Skip to main content

Having seen more than 125 countries, many of them several times over, Queen Elizabeth II is the most widely travelled monarch in history. Yet, it is Canada which she has visited more often than anywhere outside Britain; where she has received some especially memorable gifts, not least the 100-foot totem pole standing in Windsor Great Park and her beloved mare, Burmese.

Canada has also played a pivotal role in the story of her equally beloved Commonwealth. Its first secretary-general was the Canadian diplomat, Arnold Smith, and the Queen attended her first Commonwealth Heads of Government Meeting (CHOGM) in Ottawa. The host, Pierre Trudeau, created a new, more intimate type of summit with a “retreat” for leaders and a ban on pre-prepared statements. He set the template for every CHOGM since. “Trudeau was a slow starter,’ says former secretary-general Sir Sonny Ramphal, ‘but he became one of the great Commonwealth leaders.”

For all his bluster in front of the cameras, Trudeau was less of a showman in the presence of the Queen. Indeed, it seems he was as nervous of her as anyone else. We know that, because he is perhaps the only Prime Minister from any of her realms who has gone through an entire private royal audience with a third person in the room. It hap­pened during the filming of Royal Family, the original royal docu­mentary, in 1968. BBC technician Dave Gorringe was present to record a few snippets of conversation as Trudeau came for his first audience. “The Queen was making all the going and his answers were not very good and it lasted about ten minutes," Gorringe told William Shawcross years later. She eventually pushed a buzzer for the door to open. He walked out and the doors closed and she said: "Well, he didn’t have much to say for himself, did he?'”

Story continues below advertisement

The Queen and then prime minister Pierre Trudeau examine Eskimo harpoons as they tour Frobisher Bay, N.W.T., in the Canadian Arctic on July 5, 1970.

PETER BREGG/Canadian Press

A fiery French Canadian lawyer, Trudeau had never been a monar­chist, but neither would he turn out to be avowedly republican. “He was probably a republican, or at least started as one,” says a former royal private secretary. “But I think he was beguiled by the Queen. He was a very shrewd politician and he knew there was not much in it for him. He was a class act, too. I remember he made a speech at a state banquet at the Ottawa national hall. It was white tie – the Queen in her white fur, which we don’t mention any more, given to her by the Hudson Bay Company – and it was a dazzling evening. He made the most perfect speech, a mixture of French and English without looking at a note at all.”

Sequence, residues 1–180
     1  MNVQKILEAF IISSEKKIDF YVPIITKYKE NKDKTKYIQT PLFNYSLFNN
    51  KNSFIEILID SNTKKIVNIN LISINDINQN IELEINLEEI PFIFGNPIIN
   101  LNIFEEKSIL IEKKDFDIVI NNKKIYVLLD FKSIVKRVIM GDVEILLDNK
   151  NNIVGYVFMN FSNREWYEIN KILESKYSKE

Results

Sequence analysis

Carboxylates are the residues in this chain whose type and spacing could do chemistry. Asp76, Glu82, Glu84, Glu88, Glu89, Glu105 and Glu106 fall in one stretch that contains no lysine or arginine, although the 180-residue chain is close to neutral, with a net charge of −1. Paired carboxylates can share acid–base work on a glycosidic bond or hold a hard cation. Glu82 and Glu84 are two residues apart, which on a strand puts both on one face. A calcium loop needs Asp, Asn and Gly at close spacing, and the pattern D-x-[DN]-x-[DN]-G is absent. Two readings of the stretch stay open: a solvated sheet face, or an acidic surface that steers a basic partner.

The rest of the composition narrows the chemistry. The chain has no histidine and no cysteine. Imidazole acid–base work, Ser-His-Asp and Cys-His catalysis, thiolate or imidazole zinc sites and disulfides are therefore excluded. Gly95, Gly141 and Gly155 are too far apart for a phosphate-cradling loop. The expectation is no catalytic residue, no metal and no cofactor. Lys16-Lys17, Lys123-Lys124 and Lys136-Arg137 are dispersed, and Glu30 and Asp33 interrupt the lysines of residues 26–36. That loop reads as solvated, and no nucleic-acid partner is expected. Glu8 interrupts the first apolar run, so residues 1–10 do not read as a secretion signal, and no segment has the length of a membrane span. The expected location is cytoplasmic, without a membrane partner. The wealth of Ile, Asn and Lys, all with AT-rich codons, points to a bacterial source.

Trudeau preferred to make the monarch, and the trappings of mon­archy, more Canadian rather than seek a replacement. The defining moment was the Queen’s public signing of the 1982 Canada Act in Ottawa. When her ministers came to sign the associated document, Pierre Trudeau broke the nib of the official pen. Next up was justice minister Jean Chrétien, who found that he couldn’t sign a thing. “Merde!” he muttered, looked up and saw that the Queen was highly amused.

She was happy to indulge what Ramphal calls Trudeau’s “boyish antics." There was one potentially tricky evening when Trudeau invited a local (republican) student leader called “King Steve” to join a dinner on board the Royal Yacht in Vancouver. Some members of the Royal Household were nervous, even more so when a van screeched to a halt on the quayside to deposit the young man, amid chants of “Steve for King.” The Duke of Edinburgh, however, was adamant that if the student had been invited to dinner, then “to dinner he must come.” Jock Slater, the Queen’s equerry at the time, remembers that Steve was late and “oddly attired” but he escorted him into the Drawing Room to be presented to the Queen. It later emerged that “King Steve" had come prepared to deliver a republican speech but had lost his nerve. “He was overawed and subdued,” says Slater, “and what he planned to say never happened.” Slater recalls the evening for another reason. Trudeau’s wife of a few weeks, Margaret, was already pregnant with the future Prime Minister of Canada.

The Queen and Prince Philip chat with then prime minister Pierre Trudeau before a gala concert at the National Arts Centre in Ottawa, Ont., on Oct. 15, 1977.

/Canadian Press

By 2015, the Queen would be having audiences with another member of the Trudeau family when Justin Trudeau, eldest son of Pierre (who had died in 2000) became Prime Minister. Later that year, as one of the newcomers at the 2015 CHOGM in Malta, Trudeau junior was invited to make the banquet toast in honour of the Queen. After he pointed out that she had performed her first official Canadian duty in 1935 – appearing on a postage stamp at the age of 9 – he reminded the assembled heads that his father had been the Queen’s fourth prime minister while he was her 12th. Rising to respond, the Queen joked: “Thank you, Mr Prime Minister of Canada, for making me feel so old!”